Greetings patriot! Do you wish to do your duty for your country on November 4? Well, then, just about the last thing you should do on that day is go to the polls and vote. On the contrary, of all the things you could do this Election Day, voting is surely one of the most useless.
Mathematically, your vote only makes a difference if an election is either tied or decided by one vote. If the winning margin turns out to be any greater, the results would have been the same had you not voted at all or voted for the other candidate. The odds of even the pettiest local race being decided by one vote are vanishingly small. In a presidential election, they are infinitesimal. No matter how grave the importance of a particular election, you can depend upon it that your vote will not affect the outcome.
Now, some argue that it makes sense to vote even despite the slim probability that your vote will make a difference. Suppose, as seems about right (depending on what state you live in), your vote has only one chance in a billion of deciding a presidential election. Nevertheless, candidate A’s policies will make everyone in the world on average $1 (or 1 happiness unit) better off. Multiply that by the world’s 5 billion people, and candidate A will make the world $5 billion better off. Under these assumptions, your vote has an expected value of $5 (or $5 billion multiplied by one over a billion). If you can add $5 of wealth to the world at little cost to you, you should do it. Therefore, perhaps you should vote after all.
The foregoing line of reasoning, however, is misleading. It makes a number of assumptions that do not hold up.
First, it assumes that with sufficient information you can predict with reasonable certainty which candidate will do the most good (or the least harm). But politicians often defy expectations. Everyone thought Ronald Reagan was a Cold War hawk, for example, but in his second term he negotiated arms reductions with the Soviets and an end to the Cold War. If you wanted a more hawkish Cold War policy, Mondale may in retrospect have been the better choice.
In other cases, politicians’ policies change in respond to unforeseen events. In 2000, George Bush not only promised a “humble” foreign policy but chose advisors—Cheney, Rice and Powell—known at the time for their prudence and moderation. 9/11, as everyone knows, changed all that. If you wanted a more “conservative” approach to foreign policy after 9/11 (“conservative” here being used in its ordinary, lexical sense), Al Gore was in retrospect the better choice.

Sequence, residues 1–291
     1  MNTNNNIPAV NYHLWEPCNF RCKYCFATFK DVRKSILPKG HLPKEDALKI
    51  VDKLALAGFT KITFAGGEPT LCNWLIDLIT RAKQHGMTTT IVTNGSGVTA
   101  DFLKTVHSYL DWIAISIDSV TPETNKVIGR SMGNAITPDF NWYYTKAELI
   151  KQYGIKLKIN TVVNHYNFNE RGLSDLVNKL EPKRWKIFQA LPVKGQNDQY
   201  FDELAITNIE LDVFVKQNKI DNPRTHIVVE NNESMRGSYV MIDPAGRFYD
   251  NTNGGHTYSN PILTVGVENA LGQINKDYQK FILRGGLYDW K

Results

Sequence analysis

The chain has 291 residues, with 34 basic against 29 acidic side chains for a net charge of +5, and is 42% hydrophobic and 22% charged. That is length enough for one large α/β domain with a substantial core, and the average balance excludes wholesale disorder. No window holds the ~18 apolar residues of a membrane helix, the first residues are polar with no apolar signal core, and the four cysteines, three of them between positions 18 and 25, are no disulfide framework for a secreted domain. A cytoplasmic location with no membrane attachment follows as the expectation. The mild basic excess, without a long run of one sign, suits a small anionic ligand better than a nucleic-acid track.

Further, even if you can predict what policies a candidate will adopt, you still can’t predict the course of events. Suppose candidate A has better policies on 99 out of 100 issues. Candidate B, by contrast, is right on only a single issue—but that issue ends up dwarfing all others in importance. Given the uncertainty of future events, deciding which candidate will outperform the other is largely a matter of arbitrary guesswork.
Second, gathering the information necessary to cast a vote wisely takes far too much time and effort to justify. A voter hoping to make the right choice needs accurate information about (inter alia) the candidates’ platforms, temperaments, advisors, management styles and political effectiveness. Almost nobody, not even the most informed, actually collects all this information.Voters have good reason to be ignorant of political affairs. The cost of becoming sufficiently informed to vote wisely is enormous. Given the many better ways to spend one’s time, voters should probably not bother to follow politics at all and neglect to vote altogether.
Third, evaluating political information correctly requires superhuman mental ability. Suppose, for example, you have all of the information out there about a particular candidate’s tax policies. To tell whether those policies are sound, you now need to figure out what the actual consequences of those policies are likely to be. But even economists who study tax policy for a living cannot agree on the effects of competing policies. Indeed, in every election, some scholars will line up behind one candidate and other scholars behind the other. Nobody on earth has enough cognitive resources to competently evaluate the full range of competing policies offered by any two candidates.
Finally, voters as a whole only decide landslide elections. Close elections, by contrast, invariably get litigated. In other words, if an election were ever close enough for an individual vote to affect the outcome, the election would not be decided by voters but by judges. In contested elections, the courts get to select the remedies they believe will achieve the best outcome. One doesn’t have to be cynic to realize that, in close elections, it almost doesn’t matter how individuals have actually voted. The government will count the votes in the way that the judges deem fit. In the end, the odds of an individual’s vote actually deciding an election the real world are not merely infinitesimal. They are literally zero.
So there you have it: Your vote has an expected payoff of exactly zero. Even if your vote does have a non-zero expected payoff, the costs involved in casting a vote intelligently almost certainly outweigh the benefits. Therefore, your vote will not do the world any good—or any harm for that matter. Vote if you feel like it. But treat it the same way as a decision to go fishing. Nobody thinks that you do the world a favor by going fishing for an hour. Nor do you do the world a favor by going out and voting.
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